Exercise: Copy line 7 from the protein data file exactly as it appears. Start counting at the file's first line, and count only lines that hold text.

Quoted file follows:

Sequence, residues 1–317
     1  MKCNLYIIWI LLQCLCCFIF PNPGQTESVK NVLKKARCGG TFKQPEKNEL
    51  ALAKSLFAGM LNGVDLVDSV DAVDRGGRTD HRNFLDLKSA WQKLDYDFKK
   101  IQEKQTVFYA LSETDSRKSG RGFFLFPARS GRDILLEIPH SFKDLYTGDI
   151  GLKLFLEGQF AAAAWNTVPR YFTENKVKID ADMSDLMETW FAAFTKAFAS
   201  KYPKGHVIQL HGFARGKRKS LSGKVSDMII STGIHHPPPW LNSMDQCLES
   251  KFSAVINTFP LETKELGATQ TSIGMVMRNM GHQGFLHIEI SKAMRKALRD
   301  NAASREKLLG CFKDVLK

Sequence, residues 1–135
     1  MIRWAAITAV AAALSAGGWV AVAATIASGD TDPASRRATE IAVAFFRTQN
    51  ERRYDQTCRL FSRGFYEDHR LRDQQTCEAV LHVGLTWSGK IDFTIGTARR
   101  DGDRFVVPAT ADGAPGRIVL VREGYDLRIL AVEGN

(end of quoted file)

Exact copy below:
   251  KFSAVINTFP LETKELGATQ TSIGMVMRNM GHQGFLHIEI SKAMRKALRD